New research on a fatal brain infection related to mad cow disease could lead to safe ways to diagnose the infection through the eyes. The findings are also a red flag about the importance of preventing the spread of the infection during eye surgery and other procedures, researchers said.
It was already known that a rare and fatal brain infection, called Creutzfeldt-Jakob disease, has been found in the corneas of people who died from the disease. The disease’s infectious cells are called prions. A new study found these prions in tissue throughout the eyes.
There is no cure for Creutzfeldt-Jakob and no test for it in people who may be infected. Currently, it’s only diagnosed after death by examining brain tissue.
Creutzfeldt-Jakob is extremely rare. It affects one in one million people annually, according to the National Institutes of Health. Most of the time, the disease occurs in people with no risk factors. Some cases are linked to an inherited gene.
The rarest type of the disease is the contagious form. The disease can spread through direct tissue-to-tissue contact in medical procedures or on contaminated medical equipment. It’s believed that another rare version of Creutzfeldt-Jakob is passed to humans who eat meat from cows infected with bovine spongiform encephalopathy, commonly called mad cow disease.
There’s no evidence that the disease is spread through casual contact. It doesn’t pass through the air, or by shared bedding, toilet seats, hairbrushes or towels.
In the new study, researchers at the National Institute of Allergy and Infectious Diseases, at the University of California-San Diego, and the University of California-San Francisco Medical Center examined the eye tissue of 11 people who died from Creutzfeldt-Jakob.
They looked at many parts of the eye, including the cornea, lens and retina. Creutzfeldt-Jakob prions were found in eye tissue of all of the patients.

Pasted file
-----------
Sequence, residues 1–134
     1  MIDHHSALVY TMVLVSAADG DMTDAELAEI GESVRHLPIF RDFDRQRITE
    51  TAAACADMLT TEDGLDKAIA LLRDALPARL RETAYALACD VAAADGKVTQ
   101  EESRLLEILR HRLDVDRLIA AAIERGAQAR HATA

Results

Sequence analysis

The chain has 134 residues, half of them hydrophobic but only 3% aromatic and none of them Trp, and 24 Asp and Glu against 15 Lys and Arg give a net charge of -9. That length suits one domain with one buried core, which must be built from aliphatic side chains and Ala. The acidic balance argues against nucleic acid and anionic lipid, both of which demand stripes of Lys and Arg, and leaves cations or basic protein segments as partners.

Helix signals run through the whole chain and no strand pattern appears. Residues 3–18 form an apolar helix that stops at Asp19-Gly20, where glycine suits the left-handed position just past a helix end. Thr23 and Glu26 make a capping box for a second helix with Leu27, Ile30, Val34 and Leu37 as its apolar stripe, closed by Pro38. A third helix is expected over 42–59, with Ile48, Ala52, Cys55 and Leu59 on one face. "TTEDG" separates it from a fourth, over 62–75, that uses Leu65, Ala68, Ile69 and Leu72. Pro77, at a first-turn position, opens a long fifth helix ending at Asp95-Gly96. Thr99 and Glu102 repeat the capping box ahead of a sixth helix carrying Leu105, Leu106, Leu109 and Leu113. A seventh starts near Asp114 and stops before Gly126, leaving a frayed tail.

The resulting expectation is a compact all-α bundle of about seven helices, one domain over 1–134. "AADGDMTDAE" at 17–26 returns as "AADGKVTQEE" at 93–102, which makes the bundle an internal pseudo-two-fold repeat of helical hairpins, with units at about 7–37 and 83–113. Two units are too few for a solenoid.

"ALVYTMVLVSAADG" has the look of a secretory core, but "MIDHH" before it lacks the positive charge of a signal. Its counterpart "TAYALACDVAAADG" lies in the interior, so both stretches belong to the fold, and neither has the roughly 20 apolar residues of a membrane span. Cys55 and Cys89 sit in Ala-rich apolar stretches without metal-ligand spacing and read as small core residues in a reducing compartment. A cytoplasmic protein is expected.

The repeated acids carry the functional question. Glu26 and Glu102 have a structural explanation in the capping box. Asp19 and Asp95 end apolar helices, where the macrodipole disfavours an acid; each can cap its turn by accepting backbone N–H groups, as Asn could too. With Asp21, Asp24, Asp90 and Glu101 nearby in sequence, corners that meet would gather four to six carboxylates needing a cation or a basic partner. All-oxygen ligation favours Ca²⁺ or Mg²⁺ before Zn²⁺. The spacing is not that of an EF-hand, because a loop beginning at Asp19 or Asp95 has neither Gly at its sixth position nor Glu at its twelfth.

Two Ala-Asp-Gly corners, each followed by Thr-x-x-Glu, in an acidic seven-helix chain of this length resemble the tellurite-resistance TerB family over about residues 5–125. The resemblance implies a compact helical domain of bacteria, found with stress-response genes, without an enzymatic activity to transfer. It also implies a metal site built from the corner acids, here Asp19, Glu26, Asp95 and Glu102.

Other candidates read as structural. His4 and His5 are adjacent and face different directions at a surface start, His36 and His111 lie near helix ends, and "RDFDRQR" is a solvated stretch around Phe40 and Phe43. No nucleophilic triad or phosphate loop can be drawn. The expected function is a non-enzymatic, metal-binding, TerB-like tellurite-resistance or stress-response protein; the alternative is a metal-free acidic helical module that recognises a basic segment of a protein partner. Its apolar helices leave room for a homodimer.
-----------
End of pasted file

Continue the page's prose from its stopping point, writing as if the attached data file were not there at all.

The recent study is the first to show infected cells throughout the eye. It also looked at the largest number of patients to date.
Symptoms of the disease usually don’t show up until older age, after 60. They include dementia, personality change and vision problems. Once symptoms are acute, people usually die within a year.
Ophthalmologist and cornea expert Natasha Herz, MD, of Rockville, Maryland, said that medical safety regulations are designed with the highest standards to prevent the spread of infection. The standards apply to equipment sterilization, protective clothing such as gloves and masks, and organ and blood donor testing.
The goal is to protect patients, doctors and clinical staff.
Herz has confidence in current safety standards. But the recent study, she said, is a wake-up call to safety experts to make sure they’re paying close attention to Creutzfeldt-Jakob and to adjust their standards accordingly.
These standards apply to eye doctors, other medical doctors and organ donor banks. “Certainly eye banks need to pay attention to this very carefully,” Herz said. Her medical practice includes doing corneal transplants.
Meanwhile, she stressed, patients shouldn’t panic. The bottom line is that the disease is extremely rare, and not easily transmitted.
The California study shows promising progress in the ability to examine eye tissue, she added. “I’m encouraged by the fact that they have come up with a reliable test of checking for those prions. That would say to me that they’re going to be pretty successful in screening transplant tissue for the disease.”
The study research also shows a pressing need for more research on Creutzfeldt-Jakob and the eyes, Herz said. Many studies are showing a strong relationship between eye tissue and brain tissue, connected through the central nervous system.